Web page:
15: Lifecycle: A Martech Saga part 4: Picking the right MQL model
You need a good MQL model so that marketing leads make it to sales and get followed up. There are a lot of ways to define MQLs and pass them over. It’s very common to have a lead scoring model, and it’s the best way to get to build a scalable, highly automated lifecycle. But let’s actually examine the journey that gets us to a scoring model and benefit from critically thinking about why it’s the best model.
We’re Martech geeks -- of course you’re going to say to deploy a lead scoring model -- but why is it important to imagine a universe without one?
Same goes for MQLS - we’ve accepted scoring as the definition of MQLs without always thinking it through. For me, an marketing qualified lead is a lead that marketing has qualified.
When marketing qualifies a lead, it’s passed to sales, sales follows up with it, and you make more money.
Exactly. We get stuck on the how and what too often. Why is this important?
Marketing is casting the net -- they build personas, execute on strategy to fill the funnel, often even own the automation systems. Marketing also deals with leads at scale -- one to many communications. It makes a lot of sense organizationally that marketing helps filter leads to sales.
By recentering on the why, we can now talk about the how and the what. Let’s start with the what:
Marketing could define an MQL as any of the following:
- A direct response to a marketing campaign through a form or offer acceptance
- Hand-bombing leads over from a list, for example from a conference booth
- Automated scoring!
- Numeric scoring
- Grade Score
- Fancy AI algorithm
Most common is numeric.
Good start and familiar toolset. Evaluate properties like country, industry, job title, etc. Evaluate behaviour like web and email interactions. Don’t want to get lost here but some amazing touch points that lead to purchase intent like what pages they viewed, pricing page counter, integration pages, where they started they trials.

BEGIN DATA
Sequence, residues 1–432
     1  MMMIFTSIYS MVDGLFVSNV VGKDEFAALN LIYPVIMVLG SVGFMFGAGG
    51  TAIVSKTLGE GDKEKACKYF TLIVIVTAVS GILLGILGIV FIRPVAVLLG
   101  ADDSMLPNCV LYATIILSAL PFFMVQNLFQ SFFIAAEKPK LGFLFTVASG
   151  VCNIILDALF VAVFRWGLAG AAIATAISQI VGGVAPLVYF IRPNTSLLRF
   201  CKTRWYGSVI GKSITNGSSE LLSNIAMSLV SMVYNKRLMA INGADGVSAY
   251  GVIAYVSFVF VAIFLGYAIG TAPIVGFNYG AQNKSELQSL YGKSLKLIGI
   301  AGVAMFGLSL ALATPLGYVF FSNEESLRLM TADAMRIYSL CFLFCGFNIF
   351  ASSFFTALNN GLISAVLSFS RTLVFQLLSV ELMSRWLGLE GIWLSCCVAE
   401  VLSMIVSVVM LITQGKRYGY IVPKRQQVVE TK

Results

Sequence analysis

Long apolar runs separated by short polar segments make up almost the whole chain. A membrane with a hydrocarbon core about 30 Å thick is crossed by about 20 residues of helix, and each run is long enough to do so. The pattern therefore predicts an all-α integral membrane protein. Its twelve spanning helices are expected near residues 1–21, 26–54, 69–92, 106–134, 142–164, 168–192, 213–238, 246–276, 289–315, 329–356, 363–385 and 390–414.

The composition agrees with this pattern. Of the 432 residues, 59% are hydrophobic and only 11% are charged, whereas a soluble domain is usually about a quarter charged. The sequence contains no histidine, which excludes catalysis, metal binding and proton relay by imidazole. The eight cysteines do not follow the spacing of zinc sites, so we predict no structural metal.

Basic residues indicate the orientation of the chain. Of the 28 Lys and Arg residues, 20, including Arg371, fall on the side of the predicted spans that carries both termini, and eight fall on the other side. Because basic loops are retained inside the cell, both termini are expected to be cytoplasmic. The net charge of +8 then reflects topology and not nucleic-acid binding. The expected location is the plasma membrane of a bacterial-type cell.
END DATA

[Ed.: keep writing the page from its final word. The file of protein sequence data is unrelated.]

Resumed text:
Pros -> Super easy to implement, easy to maintain, easy to understand (and therefore trust).
Cons -> Harder to extract insights from, a bit basic in some cases, and sometimes you want more sophistication.
Data enrichment tools like Clearbit, not 100% match rate but help you figure out what matters, then you can ask that question instead of inferring it.
Grading model: Two axes: Fit & Engagement (or whatever). Get your 1-4 and your A-D. Matrix to plot out where leads land. Lots of precision and predictability.
Pros -> Precise, easy to understand, easier to extract insights.
Cons -> Harder to implement, harder to train folks on, more technical stuff
AI algorithm: Usually you plug in list of best customers, AI looks up common attributes and then sets up predictive model based on those attributes. Usually pretty black box.
Pros -> Easy to set up, sophisticated, and uses latest tech.
Cons -> Expensive, requires trust.
Thanks for listening homies.
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